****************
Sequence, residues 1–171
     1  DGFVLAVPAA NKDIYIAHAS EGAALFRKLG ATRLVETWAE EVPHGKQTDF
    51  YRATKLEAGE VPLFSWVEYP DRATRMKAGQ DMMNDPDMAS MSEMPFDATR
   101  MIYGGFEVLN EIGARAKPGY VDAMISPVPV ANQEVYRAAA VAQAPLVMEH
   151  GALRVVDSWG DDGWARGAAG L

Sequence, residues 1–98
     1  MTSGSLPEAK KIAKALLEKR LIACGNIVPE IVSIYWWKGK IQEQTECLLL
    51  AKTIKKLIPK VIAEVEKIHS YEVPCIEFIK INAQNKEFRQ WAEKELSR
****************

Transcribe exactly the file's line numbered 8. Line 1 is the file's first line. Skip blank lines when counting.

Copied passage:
    51  AKTIKKLIPK VIAEVEKIHS YEVPCIEFIK INAQNKEFRQ WAEKELSR